Caral – The Americas Oldest City

This was an amazing day trip. A long day trip, but well worth it. A group of 7 of us hired a van and went to Caral, which is about 3 1/2 hours north of Lima. Before reaching Caral, we traveled through the town of Huacho. Huacho claim to fame is the balcony where Jose San Martin Matorras declared Peru’s independence on November 27, 1820. However, he did not arrive in Lima to declare independence until July of 1821. We stopped long enough to take pictures of the balcony and stretch our legs before continuing on.

Caral is about 5,000 years old and was built before the pyramids of Egypt. So far, they have carbon dated items, found during the dig, to the years 2627-2020 BC. However, there is speculation that this may change as they continue to dig and find possibly older items.

It was located on approximately 163 acres. There were two levels to Caral – the Lower Half and the Top Half. This division suggested a social class – the farmers lived in the Lower Half, while families of distinction lived in the Top Half closer to the Huanca Pyramid.

The largest of the social class were the farmers. They developed an irrigation system from the Supe River and grew crops of pumpkins, squash, sweet potatoes, corn chili peppers and cotton.

The population of Caral (approximately 3,000) appeared to be non-violent as there was no trace of warfare. Plus, they were very musical. Over 32 flutes were found made from condor and pelican bones. Also, 37 cornets made from deer and llama bones were found as well.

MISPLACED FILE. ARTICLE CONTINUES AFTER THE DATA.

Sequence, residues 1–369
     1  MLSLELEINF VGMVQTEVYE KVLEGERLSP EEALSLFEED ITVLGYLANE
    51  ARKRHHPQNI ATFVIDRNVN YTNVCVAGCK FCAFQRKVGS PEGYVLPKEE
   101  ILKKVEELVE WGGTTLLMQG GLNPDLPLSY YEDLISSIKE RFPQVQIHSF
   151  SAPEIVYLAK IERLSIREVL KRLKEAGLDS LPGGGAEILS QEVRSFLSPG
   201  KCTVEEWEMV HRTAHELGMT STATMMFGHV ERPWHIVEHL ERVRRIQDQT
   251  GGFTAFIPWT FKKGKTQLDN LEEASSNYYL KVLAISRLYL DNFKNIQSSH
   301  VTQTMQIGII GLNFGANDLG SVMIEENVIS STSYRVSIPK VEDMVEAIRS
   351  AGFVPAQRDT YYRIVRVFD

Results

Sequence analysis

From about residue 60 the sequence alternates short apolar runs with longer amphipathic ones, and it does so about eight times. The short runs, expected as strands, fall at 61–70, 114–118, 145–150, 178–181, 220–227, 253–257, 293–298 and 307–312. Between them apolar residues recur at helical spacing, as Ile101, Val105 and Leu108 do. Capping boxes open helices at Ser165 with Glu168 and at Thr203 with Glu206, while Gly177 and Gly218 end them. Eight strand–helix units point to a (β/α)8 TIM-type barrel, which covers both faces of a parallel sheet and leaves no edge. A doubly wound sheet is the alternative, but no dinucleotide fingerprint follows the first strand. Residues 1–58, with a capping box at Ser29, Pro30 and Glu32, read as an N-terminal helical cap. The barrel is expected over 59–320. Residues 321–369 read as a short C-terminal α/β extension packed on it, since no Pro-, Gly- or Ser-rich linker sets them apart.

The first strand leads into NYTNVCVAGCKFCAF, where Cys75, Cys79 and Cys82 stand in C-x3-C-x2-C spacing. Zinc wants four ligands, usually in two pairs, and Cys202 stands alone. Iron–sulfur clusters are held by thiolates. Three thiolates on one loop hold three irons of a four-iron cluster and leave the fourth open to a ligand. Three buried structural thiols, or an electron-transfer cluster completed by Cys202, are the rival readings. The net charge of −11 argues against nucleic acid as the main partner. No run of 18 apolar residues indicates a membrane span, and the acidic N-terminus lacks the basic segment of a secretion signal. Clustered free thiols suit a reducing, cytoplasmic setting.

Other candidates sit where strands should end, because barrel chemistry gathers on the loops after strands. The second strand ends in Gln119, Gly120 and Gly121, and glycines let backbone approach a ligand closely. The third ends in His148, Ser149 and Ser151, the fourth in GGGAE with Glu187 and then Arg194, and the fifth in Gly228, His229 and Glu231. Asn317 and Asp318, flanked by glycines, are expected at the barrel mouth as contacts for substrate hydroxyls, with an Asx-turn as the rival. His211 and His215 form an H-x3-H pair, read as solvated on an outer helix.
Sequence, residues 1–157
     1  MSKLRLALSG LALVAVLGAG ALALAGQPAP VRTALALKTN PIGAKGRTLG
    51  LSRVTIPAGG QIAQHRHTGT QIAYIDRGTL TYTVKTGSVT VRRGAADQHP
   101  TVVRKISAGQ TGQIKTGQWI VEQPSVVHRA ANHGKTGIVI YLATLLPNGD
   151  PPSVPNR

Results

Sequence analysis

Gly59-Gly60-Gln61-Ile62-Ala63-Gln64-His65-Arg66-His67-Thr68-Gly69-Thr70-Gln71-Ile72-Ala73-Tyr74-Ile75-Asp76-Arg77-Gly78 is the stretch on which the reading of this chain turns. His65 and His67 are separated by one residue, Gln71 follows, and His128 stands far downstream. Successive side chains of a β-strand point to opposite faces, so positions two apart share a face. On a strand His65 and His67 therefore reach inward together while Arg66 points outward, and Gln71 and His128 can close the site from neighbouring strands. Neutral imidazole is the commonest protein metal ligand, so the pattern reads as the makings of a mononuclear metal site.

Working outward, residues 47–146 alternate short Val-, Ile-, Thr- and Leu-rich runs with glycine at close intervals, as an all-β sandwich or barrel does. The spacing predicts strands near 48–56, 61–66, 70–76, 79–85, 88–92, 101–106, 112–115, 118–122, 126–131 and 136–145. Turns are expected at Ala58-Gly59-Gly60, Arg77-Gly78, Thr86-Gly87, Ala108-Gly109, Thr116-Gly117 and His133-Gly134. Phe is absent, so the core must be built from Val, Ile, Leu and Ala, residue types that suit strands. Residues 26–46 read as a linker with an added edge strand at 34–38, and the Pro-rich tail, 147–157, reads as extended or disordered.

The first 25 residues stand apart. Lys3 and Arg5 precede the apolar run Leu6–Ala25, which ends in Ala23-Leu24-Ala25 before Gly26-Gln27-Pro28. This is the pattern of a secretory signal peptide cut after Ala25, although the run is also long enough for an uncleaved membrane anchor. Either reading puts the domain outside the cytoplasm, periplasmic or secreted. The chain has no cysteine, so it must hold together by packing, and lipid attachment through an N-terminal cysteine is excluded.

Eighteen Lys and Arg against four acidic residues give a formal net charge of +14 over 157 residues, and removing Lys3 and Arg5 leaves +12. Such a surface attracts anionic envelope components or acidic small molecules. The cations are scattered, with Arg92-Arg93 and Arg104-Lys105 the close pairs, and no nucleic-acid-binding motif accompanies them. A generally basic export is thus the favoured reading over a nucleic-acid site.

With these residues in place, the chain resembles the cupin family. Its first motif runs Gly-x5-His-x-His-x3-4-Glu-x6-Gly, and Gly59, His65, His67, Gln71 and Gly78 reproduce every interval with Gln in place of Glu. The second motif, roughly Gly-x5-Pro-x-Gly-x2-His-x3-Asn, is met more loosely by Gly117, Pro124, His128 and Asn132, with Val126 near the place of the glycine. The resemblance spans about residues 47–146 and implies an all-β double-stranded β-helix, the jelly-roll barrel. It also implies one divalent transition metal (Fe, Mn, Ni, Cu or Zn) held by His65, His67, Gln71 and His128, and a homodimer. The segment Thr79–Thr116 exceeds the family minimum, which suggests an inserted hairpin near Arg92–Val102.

Pieces of a quipu or khipu were found. A khipu is a group of strings and knots used to count items bought and sold or used to take a census. Originally, it was believed that the Incas developed this system, but this discovery has proven that to be wrong. Also, found among the ruins, were shicras. These are fiber bags that were used to fill with rocks. Then, the shicras were carried to the construction site of a pyramid and deposited there as fill. Then, the pyramids were built around these bags of rocks.

There are two plazas in Caral. One in each of the two levels. This suggested that the society needed a place for ceremonial gatherings. In the Lower Half, the plaza is at the Temple of the Amphitheater Pyramid. This plaza is larger than the Central Plaza found in front of the Great Pyramid in the Top Half. The Great Pyramid (Piramide Mayor) covers an area nearly the size of four football fields and is about 60 ft tall.

The Huanca Pyramid is also located in the Top Half. It was built in front of the Huanca monolith. This monolith was over 6 ft tall and was used in astronomical and ceremonial activities.

In my research, I learned that civilizations were successful when they controlled something important. For example, the civilization of Mesopotamia developed irrigation of fields. For Caral, it is believed that it was the development of cotton. They made fishing nets with the cotton and were able to catch fish to use for trade with communities up to twelve miles away. It is also believe that the residence of Caral traded with jungle and mountain communities because of items found at Caral from those areas.
Returning home, we stopped in Huacho at the “Casa Blanca” or White House restaurant. It was a resort-type area similar to the place we ate in Cieneguilla. Jose Luis, Mary and I enjoyed play sapo….getting the “coin” in the toad’s mouth….nearly impossible, but lots of fun trying.

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